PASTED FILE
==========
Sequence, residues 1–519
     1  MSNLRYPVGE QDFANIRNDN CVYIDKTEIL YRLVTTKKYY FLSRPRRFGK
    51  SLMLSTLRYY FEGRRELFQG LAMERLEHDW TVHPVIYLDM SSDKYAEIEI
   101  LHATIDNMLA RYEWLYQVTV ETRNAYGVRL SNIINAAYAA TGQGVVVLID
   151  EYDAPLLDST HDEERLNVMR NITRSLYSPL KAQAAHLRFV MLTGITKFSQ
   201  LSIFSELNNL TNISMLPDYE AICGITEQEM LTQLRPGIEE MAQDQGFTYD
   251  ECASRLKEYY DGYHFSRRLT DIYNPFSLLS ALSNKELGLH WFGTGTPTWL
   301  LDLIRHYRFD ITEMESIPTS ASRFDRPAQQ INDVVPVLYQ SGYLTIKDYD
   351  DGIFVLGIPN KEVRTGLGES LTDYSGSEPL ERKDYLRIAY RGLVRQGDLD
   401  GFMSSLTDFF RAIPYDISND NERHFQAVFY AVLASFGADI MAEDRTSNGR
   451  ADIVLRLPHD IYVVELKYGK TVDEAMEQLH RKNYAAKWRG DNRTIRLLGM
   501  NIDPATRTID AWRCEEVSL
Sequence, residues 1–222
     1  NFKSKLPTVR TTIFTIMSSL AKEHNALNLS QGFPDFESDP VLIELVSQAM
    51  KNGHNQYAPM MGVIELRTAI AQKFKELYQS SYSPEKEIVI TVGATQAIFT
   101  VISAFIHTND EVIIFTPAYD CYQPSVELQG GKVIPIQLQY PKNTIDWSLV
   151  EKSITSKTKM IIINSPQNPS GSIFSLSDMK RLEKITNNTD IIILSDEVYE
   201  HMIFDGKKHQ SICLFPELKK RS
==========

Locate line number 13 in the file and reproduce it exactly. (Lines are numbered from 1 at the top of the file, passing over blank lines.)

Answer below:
Sequence, residues 1–222